Powerful Foods & Herbs for Hormone Health
Flaxseed (Linum usitatissimum)
While research results are mixed around flaxseed and its ability to reduce menopausal symptoms, there are enough positive findings to support use of this nutrient-rich, high fiber seed. For many women it has made the difference between comfort and discomfort when it comes to reduction of hot flashes, night sweats, mood swings). Here are three nutrients unique to flaxseed, all of which play a role in supporting good health.
1. Omega-3 Fatty Acids: beneficial for preventing or treating certain health conditions, including heart disease and depression.
2. Mucilage: refers to water-soluble, gel-forming fiber that can provide special support to the intestinal tract. This flaxseed an excellent support to digestion and relief of constipation.
3. Lignans: provides fiber-related polyphenols that have two important health benefits. They provide antioxidants, which help prevent damage to other cells in the body and are associated with preventing disease. Additionally, polyphenols in lignans influence hormone metabolism.
Purchasing and Storing Flax
Raw flaxseed ranges in color from amber/gold to tan/brown. White or green flaxseed has been harvested before full maturity; black flaxseeds were likely harvested after full maturity. To reap the full health benefits, select the amber or brown variety. If possible, purchase the whole seed in bulk, store in the freezer and grind only the amount needed for immediate use. Flaxseed can be ground, sprinkled on salads, added to smoothies and baking mixes and used as a thickening agent in many recipes.
Diindolylmethane (DIM) is a compound found in "cruciferous" vegetables such as cabbage, Brussels sprouts, cauliflower, and broccoli. Scientists think these crunchy vegetables may help protect the body against cancer because they contain diindolylmethane and a related chemical called indole-3-carbinol (I3C).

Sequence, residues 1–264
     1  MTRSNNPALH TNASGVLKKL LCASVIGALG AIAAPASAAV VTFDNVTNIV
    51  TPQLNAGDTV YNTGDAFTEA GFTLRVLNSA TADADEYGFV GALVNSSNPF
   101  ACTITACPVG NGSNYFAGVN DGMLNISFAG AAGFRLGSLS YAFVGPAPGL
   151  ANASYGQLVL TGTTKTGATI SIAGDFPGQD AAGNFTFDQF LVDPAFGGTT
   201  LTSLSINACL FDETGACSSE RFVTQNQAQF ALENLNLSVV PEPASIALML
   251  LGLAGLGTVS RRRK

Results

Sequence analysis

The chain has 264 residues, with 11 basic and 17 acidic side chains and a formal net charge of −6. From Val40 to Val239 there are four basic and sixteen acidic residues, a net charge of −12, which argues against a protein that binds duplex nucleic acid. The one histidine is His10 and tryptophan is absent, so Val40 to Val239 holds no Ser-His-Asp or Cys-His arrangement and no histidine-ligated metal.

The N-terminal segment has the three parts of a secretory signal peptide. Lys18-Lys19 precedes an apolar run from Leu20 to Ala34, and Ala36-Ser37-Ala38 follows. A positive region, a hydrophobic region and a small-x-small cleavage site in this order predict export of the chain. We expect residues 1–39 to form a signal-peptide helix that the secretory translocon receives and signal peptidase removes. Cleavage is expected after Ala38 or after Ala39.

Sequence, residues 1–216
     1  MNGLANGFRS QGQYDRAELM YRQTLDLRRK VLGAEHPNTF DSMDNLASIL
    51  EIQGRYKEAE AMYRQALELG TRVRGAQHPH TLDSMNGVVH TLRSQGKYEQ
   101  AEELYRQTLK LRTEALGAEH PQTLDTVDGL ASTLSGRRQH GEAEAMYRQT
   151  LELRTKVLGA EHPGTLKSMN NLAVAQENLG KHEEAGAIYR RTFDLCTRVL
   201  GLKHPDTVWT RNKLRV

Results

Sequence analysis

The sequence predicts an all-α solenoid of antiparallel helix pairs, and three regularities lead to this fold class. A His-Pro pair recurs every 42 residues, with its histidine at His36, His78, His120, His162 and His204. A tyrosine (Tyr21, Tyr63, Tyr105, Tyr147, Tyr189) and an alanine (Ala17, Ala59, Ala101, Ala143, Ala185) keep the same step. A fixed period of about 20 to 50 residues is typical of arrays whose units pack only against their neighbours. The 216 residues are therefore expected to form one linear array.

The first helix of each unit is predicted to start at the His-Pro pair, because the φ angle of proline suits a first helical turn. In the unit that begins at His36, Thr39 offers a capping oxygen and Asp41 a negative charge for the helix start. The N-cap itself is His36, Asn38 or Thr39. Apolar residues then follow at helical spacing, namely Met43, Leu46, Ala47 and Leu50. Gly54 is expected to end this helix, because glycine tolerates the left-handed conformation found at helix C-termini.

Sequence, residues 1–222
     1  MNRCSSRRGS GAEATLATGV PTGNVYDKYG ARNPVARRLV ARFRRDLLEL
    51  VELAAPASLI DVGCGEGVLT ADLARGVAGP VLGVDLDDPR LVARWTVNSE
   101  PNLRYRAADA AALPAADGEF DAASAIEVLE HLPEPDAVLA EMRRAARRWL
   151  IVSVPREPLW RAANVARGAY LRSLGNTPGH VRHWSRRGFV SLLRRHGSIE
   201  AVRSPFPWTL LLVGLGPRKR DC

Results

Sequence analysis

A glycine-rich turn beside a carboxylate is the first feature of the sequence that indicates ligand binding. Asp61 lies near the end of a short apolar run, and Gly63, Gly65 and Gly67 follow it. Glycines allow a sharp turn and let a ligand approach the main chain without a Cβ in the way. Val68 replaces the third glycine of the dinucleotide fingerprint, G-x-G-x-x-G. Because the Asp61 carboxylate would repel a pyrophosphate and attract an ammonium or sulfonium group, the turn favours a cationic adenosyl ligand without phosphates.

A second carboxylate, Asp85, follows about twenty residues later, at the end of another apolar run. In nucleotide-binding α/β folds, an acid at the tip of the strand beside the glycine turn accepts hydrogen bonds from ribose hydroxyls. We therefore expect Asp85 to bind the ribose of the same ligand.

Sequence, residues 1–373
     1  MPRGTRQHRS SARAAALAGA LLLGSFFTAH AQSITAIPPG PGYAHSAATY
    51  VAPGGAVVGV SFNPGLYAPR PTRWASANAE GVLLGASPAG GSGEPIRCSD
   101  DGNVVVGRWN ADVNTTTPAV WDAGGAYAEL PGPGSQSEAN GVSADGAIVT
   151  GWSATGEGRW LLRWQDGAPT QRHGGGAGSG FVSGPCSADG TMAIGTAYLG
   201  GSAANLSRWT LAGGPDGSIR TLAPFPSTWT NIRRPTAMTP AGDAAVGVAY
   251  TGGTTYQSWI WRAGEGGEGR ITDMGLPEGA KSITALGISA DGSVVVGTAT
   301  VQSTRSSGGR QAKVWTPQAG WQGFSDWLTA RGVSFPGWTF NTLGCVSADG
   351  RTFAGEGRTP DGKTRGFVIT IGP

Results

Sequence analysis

Dim helps balance the sex hormone estrogen and testosterone. When the body breaks down estrogen, for example, it can form either a harmful or beneficial metabolite. DIM, in some clinical and animal studies, has been shown to help the body form the more beneficial estrogen metabolite and reduce formation of the harmful metabolite. The beneficial estrogen metabolites can have many positive effects, including reducing the risk for some types of cancer. DIM may benefit patients with certain types of prostate cancer and may help reverse abnormal changes in cells on the surface of the cervix. Some scientists think DIM will be useful for preventing breast, uterine and colorectal cancer. However, because of the variability in types of cancer and the sensitivity of the estrogen system in the body, DIM and I3C supplements may not be appropriate for everyone. Instead, just enjoy plenty of delicious cruciferous veggies!
Note: If you have thyroid disease, I recommend eating cruciferous veggies (from the brassica family) cooked instead of raw to avoid and thyroid suppressive effects.
Black Cohosh (Actaea racemosa)
There's a long history to the medical uses of Black Cohosh. Native Americans have used it as a diuretic and to treat fatigue. European settlers used preparations of the roots to treat fever, menstrual problems, and pain following childbirth. Into the 19th century, black cohosh became a staple ingredient in medicines for "women's complaints." Over time, it faded from use in the U.S. while still being used in Europe. New studies in the U.S., however, are investigating the safety and long-term effectiveness of black cohosh and there's a resurgence of its use for treatment of women's health concerns.
Black cohosh is considered a menopause tonic for a number of reasons. It can improve mood and soothe anxiety. Also, herbal practitioners recommend it for taming hot flashes, night sweats, and vaginal dryness. It's commonly prescribed for women who - for medical reasons - don't take conventional hormone replacement therapy.
Tinctures, capsules and standardized extract are available for medicinal use and the specific dose of this herb will depend on your individual needs and health concerns. Black Cohosh should not be used during pregnancy or nursing and it is not recommended for persons who have a heart condition or liver disease. Always check with your holistic health practitioner before using an herbal remedy.